“Smokin” Joe Frazier and Larry “The Easton Assassin” Holmes!

By Ken Hissner - 11/22/2023 - Comments

In 1964, ‘Smokin’ Joe Frazier lost in the Olympic Trials to Buster Mathis twice. Mathis broke a thumb in the second match, so Frazier went on to the Olympics to win a Gold Medal in Tokyo, Japan.

In the 1972 Olympic Trials, Holmes lost for a second time, being stopped again by Nick Wells of the Air Force.

Frazier turned pro in August of 1965, winning his first eleven fights before being in with Argentina’s Oscar Bonavena, 21-2, in Madison Square Garden. He was knocked down twice in the first round but went on to win a split decision.

Eight fights later, he stopped Mathis in the eleventh round for the vacant NYSAC title.

Frazier would stop WBA champ Jimmy Ellis, 27-5, for his WBA and vacant WBC titles. He went on to defeat former champion Muhammad Ali, 31-0, in March of 1971.

In January of 1973, Frazier was stopped by former 1968 Olympic Gold Medalist “Big” George Foreman, 37-0, in two rounds in Kingston, Jamaica, being knocked down three times in each round. Two fights later, he lost to Ali in their second fight. Three fights later Ali defeated him again, called the “Thrilla in Manila” in their third match.

In a rematch with Foreman some three years later, Frazier was stopped after two knockdowns in the fifth round. He ended his career in his next fight in a draw with Floyd “Jumbo” Cummings, 15-1. His final record was 32-4-1 with 27 stoppages.

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In March of 1973, Holmes turned pro, winning his first 28 fights, and in June of 1978, he won the title, defeating Ken Norton, 40-4. Norton’s trainer, Eddie Futch, in Frazier’s gym told me neither wanted a rematch.

Seven wins later, Holmes stopped a much past his prime Ali, 56-3, after ten rounds, with Ali not coming out for the eleventh round. Seven wins later, he was fortunate to get a split decision over “Terrible” Tim Witherspoon, 15-0.

Two fights later, ‘Smokin’ Joe Frazier, for some reason, put his son Marvis, 10-0, in with Holmes, 44-0, in a non-title fight. Holmes stopped him in the first round and afterward said “That’s for the whipping’s your daddy gave me in the gym!”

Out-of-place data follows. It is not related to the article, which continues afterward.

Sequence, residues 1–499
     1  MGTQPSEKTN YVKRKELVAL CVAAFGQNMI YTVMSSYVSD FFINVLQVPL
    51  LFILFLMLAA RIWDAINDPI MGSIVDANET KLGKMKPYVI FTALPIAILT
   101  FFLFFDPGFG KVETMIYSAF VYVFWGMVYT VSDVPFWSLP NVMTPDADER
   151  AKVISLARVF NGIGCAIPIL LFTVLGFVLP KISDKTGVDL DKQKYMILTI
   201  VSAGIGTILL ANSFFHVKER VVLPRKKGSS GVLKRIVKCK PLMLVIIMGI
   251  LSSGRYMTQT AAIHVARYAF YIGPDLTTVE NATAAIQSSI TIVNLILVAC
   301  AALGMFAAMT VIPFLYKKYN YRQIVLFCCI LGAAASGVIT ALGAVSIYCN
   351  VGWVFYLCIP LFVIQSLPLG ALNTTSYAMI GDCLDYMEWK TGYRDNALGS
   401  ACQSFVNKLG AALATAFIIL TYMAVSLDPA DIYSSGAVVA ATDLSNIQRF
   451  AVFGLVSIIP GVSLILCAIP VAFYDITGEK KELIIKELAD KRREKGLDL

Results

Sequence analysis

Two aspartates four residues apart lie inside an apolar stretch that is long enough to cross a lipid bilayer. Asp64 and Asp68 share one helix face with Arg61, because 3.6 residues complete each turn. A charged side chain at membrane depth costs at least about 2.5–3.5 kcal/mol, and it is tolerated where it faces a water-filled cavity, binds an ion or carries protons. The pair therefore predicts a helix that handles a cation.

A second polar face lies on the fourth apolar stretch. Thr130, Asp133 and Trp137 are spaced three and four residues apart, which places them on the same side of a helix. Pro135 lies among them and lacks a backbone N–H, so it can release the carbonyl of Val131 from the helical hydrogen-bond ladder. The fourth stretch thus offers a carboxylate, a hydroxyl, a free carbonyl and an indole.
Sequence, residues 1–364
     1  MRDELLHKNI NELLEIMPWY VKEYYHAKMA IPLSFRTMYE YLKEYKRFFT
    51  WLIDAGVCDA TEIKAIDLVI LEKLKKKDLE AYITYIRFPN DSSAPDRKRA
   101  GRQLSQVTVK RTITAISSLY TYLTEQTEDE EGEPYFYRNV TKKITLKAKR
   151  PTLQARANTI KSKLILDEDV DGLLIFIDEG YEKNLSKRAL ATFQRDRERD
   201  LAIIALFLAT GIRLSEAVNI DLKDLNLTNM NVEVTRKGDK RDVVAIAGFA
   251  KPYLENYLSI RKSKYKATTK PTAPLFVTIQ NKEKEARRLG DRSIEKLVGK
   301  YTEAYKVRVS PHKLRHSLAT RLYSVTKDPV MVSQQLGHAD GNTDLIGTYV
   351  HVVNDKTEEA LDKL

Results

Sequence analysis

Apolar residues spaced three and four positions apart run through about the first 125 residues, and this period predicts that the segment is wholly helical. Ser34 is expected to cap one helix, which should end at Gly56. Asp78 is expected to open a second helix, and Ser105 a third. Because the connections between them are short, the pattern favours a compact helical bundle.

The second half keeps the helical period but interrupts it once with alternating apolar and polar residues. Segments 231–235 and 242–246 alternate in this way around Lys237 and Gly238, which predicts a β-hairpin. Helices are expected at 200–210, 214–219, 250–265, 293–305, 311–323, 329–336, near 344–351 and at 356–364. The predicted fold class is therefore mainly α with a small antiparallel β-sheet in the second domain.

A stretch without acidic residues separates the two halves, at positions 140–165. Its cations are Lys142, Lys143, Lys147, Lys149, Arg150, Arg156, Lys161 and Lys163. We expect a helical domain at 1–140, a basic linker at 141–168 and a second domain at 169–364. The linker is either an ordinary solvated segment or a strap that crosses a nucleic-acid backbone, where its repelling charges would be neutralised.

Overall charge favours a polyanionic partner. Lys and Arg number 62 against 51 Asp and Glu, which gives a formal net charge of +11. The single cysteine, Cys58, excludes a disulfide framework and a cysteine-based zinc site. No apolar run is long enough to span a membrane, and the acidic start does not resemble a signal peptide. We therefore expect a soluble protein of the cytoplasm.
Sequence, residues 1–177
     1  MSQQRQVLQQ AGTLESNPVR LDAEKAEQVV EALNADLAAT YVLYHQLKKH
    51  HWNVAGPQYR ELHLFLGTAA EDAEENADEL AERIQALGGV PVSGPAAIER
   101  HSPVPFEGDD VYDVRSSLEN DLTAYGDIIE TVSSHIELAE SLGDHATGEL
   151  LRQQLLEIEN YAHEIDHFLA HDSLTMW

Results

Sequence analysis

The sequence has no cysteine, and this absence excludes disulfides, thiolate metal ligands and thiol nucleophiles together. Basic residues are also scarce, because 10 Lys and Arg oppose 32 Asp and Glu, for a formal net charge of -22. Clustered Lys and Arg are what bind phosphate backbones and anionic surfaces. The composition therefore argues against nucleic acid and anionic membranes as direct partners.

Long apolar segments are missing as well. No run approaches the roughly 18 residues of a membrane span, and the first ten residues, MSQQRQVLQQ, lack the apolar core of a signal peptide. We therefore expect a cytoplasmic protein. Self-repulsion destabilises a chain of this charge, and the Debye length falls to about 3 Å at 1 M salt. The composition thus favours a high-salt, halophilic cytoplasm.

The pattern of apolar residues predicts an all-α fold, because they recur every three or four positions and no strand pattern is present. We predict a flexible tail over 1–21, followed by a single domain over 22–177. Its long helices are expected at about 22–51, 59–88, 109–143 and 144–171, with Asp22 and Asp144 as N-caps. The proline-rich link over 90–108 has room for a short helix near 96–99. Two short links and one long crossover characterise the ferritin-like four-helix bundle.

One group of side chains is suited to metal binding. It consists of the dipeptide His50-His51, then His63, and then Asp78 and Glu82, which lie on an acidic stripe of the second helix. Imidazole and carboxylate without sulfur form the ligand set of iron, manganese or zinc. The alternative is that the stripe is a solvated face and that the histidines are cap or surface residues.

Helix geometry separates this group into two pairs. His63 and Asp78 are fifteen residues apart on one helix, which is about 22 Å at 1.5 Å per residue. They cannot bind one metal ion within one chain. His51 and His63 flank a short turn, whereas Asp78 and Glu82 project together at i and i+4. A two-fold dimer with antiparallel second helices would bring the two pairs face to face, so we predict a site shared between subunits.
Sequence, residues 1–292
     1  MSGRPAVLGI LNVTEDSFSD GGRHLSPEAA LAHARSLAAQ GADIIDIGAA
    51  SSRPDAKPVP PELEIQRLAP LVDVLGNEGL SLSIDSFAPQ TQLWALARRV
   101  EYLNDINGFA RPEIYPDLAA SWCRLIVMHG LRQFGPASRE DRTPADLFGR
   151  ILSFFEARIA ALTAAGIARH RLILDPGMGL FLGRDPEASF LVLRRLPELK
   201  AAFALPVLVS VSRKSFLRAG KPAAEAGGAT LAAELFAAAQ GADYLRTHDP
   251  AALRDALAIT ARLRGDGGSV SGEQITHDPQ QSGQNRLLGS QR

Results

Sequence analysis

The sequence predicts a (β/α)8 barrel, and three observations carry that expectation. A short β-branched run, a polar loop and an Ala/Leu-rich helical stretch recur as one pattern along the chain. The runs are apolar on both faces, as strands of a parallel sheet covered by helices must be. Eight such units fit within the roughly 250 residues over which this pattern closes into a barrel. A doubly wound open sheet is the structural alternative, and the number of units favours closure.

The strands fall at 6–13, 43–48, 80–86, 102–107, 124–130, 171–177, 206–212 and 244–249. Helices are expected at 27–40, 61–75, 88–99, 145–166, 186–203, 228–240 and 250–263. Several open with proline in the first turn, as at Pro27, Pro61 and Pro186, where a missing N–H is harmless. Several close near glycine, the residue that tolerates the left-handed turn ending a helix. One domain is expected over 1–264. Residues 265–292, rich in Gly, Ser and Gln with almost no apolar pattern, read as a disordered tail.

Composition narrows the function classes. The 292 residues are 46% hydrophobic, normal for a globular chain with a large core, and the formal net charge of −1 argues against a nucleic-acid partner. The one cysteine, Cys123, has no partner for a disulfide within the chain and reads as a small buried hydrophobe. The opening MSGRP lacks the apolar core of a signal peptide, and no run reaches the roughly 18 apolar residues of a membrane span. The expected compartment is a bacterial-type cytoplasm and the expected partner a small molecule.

Three fights later, Holmes won a close, if not disputed, decision over Carl “The Truth” Williams, 16-0. Holmes told his promoter King, “No more young lions!” He was 48-0 and lost to 1976 Olympic Gold Medalist and light heavyweight champion Michael Spinks, 27-0, who defeated Holmes in September of 1985.

Holmes afterward said, “Marciano (49-0) couldn’t wear my jock strap! I guess he forgot who beat him. In the rematch, Holmes lost a disputed decision to Spinks.

In January of 1988, Holmes was matched with champion “Iron” Mike Tyson, 32-0. At ringside sat casino owner and future US President Donald J. Trump next to Ali. Ali was introduced into the ring and tapped the gloves of Holmes, went to Ali, and whispered something in his ear. You can imagine what he said. Tyson, from the opening bell went after Holmes, finally dropping him “feet in the air” in the fourth round.

Holmes didn’t fight for three years and came back to defeat WBO champ Ray “Merciless” Mercer, 18-0. Next, he lost to WBC, WBA, and IBF champ former 1984 Olympic Gold Medalist Evander “The Real Deal” Holyfield, 27-0, in June of 1992 by decision.

Holmes went 12-1 before traveling to Denmark, losing to IBO champ “Super” Brian Nielsen, 31-0. Nielsen would go onto a 49-0 record before losing to Dicky Ryan, 47-4.

Holmes would end his career defeating the “4 round champ” Eric “Butterbean” Esch, 65-2-3, who never had anything but a 4-rounder. In the tenth and final round, Holmes was dropped which looked like Esch stepped on his foot. His final record was 69-6 with 44 stoppages.

Holmes making those two remarks after beating Marvis Frazier and about Rocky Marciano, after he lost to Michael Spinks seemed to come back to haunt him.

Between Frazier and Holmes, who wins?